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‘Old dog warts’ are usually best left alone

Dr. Jeff NicholALBUQUERQUE, N.M. — Q: I have a cockapoo with several warts. Our veterinarian said to use antibiotic cream, but that didn’t help. He did not want to remove them because she is 14. What about using thuja or multivitamins?

Dr. Nichol: Everybody seems to get lumpy and bumpy with age. Miss America, the Nichol family dog, has a few beauty accents. We don’t mention them to her, she would only fret. It’s my job to worry.

An accurate diagnosis always matters. Dr. Rebecca Mount, board certified dermatologist at the Veterinary Emergency and Specialty Center, shared this comment: “The term warts is a misnomer. ‘Old dog warts’ are most commonly benign growths, of the oil glands, known as sebaceous adenomas. A fine needle aspirate (simple and quick) can generally confirm this diagnosis. Since sebaceous adenomas are benign we don’t recommend removing them unless they are growing rapidly or bothering the pet. Some dogs bite or chew at them leading to secondary infection. However, many people are bothered by the appearance of these growths. Depending on the veterinarian’s preference many small nodules can be removed with local anesthesia or under a general if the pet will be having another procedure (like dental cleaning). Lastly, cryotherapy (freezing) of the nodules is a great option for removal.”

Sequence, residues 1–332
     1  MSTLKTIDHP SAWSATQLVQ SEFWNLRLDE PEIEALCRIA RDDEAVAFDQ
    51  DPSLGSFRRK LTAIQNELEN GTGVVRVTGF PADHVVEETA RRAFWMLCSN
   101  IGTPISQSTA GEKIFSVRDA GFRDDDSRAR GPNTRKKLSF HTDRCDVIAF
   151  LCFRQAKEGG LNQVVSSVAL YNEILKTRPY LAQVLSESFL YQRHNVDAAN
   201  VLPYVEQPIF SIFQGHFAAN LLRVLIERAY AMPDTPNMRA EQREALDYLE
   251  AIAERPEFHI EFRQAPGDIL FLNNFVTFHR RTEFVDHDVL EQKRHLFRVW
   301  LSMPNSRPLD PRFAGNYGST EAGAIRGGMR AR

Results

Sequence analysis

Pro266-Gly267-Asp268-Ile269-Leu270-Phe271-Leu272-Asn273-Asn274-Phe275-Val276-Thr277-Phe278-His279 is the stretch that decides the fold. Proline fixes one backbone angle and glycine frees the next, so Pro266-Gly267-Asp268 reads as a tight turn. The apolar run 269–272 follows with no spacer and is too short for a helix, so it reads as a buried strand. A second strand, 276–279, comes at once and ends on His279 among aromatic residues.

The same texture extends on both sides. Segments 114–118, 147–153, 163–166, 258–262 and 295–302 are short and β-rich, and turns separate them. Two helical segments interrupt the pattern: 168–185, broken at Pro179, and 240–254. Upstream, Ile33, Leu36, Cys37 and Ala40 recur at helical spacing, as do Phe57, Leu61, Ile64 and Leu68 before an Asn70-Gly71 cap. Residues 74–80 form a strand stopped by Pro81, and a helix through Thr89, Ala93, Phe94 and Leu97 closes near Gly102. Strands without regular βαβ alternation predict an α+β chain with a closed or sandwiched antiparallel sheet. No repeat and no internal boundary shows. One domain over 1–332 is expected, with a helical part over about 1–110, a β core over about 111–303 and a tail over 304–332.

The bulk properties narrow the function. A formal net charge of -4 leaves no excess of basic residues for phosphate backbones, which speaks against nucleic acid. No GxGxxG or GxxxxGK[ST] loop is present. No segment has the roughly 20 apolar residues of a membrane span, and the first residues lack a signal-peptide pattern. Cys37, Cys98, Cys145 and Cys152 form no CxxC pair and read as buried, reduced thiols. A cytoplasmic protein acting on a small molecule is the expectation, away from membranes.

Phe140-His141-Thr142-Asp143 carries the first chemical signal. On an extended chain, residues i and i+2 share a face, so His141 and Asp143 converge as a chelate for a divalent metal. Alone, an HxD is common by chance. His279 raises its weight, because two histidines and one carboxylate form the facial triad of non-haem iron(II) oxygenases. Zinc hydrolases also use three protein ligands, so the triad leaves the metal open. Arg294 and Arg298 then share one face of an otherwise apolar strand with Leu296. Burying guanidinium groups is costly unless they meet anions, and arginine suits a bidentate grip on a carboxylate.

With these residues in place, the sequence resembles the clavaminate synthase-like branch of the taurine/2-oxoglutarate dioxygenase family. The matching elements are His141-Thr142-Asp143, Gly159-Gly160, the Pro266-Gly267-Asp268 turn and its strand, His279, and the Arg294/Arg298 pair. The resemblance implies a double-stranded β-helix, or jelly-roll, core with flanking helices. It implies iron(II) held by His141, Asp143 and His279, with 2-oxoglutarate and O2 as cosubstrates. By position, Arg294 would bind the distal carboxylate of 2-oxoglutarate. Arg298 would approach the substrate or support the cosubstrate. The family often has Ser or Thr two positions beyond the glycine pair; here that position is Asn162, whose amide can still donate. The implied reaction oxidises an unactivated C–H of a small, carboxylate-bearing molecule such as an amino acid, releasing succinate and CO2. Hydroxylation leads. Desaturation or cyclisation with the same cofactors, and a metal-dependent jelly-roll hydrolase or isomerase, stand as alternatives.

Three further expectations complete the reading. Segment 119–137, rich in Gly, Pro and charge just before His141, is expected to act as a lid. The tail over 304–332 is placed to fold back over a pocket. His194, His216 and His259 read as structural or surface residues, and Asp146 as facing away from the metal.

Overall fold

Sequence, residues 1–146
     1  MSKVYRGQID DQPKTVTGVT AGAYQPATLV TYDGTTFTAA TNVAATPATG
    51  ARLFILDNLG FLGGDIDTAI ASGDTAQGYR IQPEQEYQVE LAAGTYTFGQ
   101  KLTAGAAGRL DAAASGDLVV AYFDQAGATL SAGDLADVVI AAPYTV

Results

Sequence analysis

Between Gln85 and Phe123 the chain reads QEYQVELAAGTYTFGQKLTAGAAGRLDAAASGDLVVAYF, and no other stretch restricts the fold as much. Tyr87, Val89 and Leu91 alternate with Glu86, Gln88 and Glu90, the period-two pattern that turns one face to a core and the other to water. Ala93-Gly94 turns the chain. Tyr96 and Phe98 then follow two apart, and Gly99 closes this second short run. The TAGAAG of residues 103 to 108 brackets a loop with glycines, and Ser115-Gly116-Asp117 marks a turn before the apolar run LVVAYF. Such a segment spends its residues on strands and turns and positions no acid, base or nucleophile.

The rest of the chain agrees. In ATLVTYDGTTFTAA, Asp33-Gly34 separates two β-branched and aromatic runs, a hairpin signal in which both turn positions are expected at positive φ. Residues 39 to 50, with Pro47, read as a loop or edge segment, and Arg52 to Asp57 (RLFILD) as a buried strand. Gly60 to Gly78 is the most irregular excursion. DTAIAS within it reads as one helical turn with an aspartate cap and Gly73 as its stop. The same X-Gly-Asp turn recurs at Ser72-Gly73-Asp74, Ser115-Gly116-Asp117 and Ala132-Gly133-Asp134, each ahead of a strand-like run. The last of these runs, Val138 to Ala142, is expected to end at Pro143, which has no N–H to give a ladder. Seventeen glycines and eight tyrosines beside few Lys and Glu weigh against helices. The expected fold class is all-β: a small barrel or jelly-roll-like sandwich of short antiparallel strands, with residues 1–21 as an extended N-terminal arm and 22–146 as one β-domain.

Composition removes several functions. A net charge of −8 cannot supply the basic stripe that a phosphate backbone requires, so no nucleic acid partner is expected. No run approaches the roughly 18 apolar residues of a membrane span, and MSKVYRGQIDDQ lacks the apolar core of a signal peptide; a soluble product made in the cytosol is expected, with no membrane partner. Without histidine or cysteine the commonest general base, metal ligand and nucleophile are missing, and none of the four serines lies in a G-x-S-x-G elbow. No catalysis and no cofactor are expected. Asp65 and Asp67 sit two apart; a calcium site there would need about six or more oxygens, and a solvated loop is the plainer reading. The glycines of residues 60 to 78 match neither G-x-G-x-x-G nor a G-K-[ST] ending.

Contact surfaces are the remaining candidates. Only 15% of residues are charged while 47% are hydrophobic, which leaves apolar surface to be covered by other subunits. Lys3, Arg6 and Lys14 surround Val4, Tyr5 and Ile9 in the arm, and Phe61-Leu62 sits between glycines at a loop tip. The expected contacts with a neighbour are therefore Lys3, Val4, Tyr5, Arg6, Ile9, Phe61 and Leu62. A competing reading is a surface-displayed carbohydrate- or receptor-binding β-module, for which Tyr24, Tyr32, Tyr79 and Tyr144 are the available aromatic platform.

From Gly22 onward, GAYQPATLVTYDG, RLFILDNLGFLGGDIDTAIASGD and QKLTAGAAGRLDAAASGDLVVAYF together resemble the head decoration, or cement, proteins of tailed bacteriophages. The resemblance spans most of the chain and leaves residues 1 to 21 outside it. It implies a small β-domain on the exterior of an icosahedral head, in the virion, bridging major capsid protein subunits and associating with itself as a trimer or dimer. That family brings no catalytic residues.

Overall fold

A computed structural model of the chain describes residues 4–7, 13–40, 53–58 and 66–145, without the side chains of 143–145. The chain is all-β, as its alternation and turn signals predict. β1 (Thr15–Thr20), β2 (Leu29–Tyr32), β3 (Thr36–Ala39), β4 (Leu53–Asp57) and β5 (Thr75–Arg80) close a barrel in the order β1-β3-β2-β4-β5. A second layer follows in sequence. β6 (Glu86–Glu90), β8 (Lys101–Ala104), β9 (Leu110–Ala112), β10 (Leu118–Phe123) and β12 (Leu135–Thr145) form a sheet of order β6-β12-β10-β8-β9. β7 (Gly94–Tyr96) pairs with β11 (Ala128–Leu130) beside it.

Natural therapies sound appealing but a vitamin supplement wouldn’t make a difference for your cockapoo, unless you’ve been feeding her a deficient diet like cardboard or sawdust. Research on thuja has shown that it has some effects on internal cellular function but it won’t shrink an oil gland cyst. There can be risks. Essential oils, like thuja, could make your dog sick if she licked it off her skin.

I agree with a conservative approach for sebaceous adenomas, especially in view of your dog’s age. Physical stresses should be minimized unless there is a strong medical reason for aggressive treatment. With an accurate diagnosis in-hand periodic monitoring of small masses is often best. If they get infected, an antibiotic cream would be helpful. By the way, our pets don’t care how they look as they age. We’re the ones who pursue the mindless goal of permanent youth.

Dr. Jeff Nichol provides pet behavior consultations in-person and virtually by telephone and Zoom (505-792-5131). Each week he shares a blog and a Facebook Live video to help bring out the best in pets and their people. Sign up at no charge at drjeffnichol.com. Post pet questions on Facebook.com/drjeffnichol or by mail to 4000 Montgomery NE, Albuquerque, NM, 87109.

 

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